You should be able to check online at the Medicare.gov website to find a local doctor that will accept that specific insurance -- have you tried that? Also, be very careful about his prescriptions -- it's easy to be prescribed something that's not on the formulary and end up paying full price (and/or ending up in the donut hole).

As for billing, he should make sure to specify the Advantage plan he's using when he checks in for a doctor's appointment. Medicare billing can be tricky; I've had to go back and talk to the billing department a few times myself when the wrong code was used for my cholesterol tests and Medicare was rejecting it.

Good luck!
curlypearl likes this.
~ Wendi in IL
3a - fine, colored hair w/normal porosity (loves protein!)
CG since March 2010
Co-Wash: V05, Suave or Cure Care
Low Poo: Desert Essence
Condish: GVP Balm, CJ Beauticurls Strengthening
Leave-In:
Cure Care, KCKT
Styler: SS FHG, Re-Coil, LALSG, BRHG

Thanks a lot, Wendi. The problem is that his company switched from regular Medicare to Advantage about 3 years ago, so some of his doctors that he's been seeing all along no longer accept his insurance. He's getting forgetful and a bit confused, and if he goes to appointments alone, he doesn't remember to tell them about having Advantage instead of regular Medicare. We especially have trouble with labs, who always submit to regular Medicare even though they have the correct insurance information from his doctors.

I didn't know we could get a list of approved doctors from medicare.gov, I will definitely check that out.
i would try to find out if he can switch to the gov medicare. remember my mom telling me about the problems my aunt had with private medicare and how they were trying to help her switch. i think they were able, but not sure.

i do know united healthcare is terrible to work with. i am a provider and i have seen how they have gobbled up most of the insurance companies, then greatly reducing the payable amounts to providers, requiring ridiculous paperwork. unfortunately, they also gobbled up my personal insurance, oxford, but i am in a tricky situation and cannot find premiums low enough to switch to. one of my drs had told me that united healthcare was making it very difficult for him to order tests for patients.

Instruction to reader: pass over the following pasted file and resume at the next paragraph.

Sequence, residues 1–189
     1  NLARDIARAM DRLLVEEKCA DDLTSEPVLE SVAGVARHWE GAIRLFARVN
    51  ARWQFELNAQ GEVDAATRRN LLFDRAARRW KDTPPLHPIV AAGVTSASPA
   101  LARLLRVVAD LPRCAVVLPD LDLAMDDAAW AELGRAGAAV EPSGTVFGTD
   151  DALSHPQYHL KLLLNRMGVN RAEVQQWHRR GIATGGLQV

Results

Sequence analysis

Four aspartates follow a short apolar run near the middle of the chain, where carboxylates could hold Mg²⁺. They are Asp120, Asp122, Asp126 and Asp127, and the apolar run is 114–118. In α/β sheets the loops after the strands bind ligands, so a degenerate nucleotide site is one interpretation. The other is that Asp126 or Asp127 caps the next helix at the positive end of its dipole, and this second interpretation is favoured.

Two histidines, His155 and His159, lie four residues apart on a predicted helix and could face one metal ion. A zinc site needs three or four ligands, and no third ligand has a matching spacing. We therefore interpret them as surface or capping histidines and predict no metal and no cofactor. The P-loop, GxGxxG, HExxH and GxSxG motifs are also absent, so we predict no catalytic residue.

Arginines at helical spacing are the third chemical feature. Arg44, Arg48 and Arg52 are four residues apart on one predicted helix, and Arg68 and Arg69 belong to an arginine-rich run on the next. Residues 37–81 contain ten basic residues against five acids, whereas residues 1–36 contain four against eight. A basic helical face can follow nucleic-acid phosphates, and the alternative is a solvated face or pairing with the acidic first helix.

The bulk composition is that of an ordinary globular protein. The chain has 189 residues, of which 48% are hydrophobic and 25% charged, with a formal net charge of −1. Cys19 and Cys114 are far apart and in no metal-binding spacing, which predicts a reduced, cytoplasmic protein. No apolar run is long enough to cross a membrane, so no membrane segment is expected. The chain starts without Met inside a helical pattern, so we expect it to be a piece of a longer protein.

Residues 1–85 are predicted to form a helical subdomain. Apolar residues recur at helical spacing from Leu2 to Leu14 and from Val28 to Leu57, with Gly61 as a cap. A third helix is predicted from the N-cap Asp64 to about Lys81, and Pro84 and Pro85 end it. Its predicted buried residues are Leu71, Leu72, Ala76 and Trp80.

from my perspective, it seems like blue cross/blue shield (NOT to be confused with the empire plan in ny which is actually united healthcare) is the best, with aetna right behind it.

so if your uncle can switch to medicare thru gov, that is the best. otherwise, i don't even know if blue cross/blue shield offers that, but if they do, that's a good second best.

maybe do a google search to try to find help searching this stuff out. there must be people who are knowledgeable about this.

good luck and let us know what happens.
[FONT="Arial Narrow"]
3a, some 2c & 3b, medium texture, porosity normal, low elasticity
washing/cowashing, conditioning, protein tx: curl junkie products
leave in:cj conditioners and treatments as leave in
styling: cj pattern pusha, cj honey butta leave in, cj cccc, cj ciab, lalsg. cj aloe fix gel is my high dews/summer HG!!
sealants - spiral solutions emollience butter, jane carter nourish & shine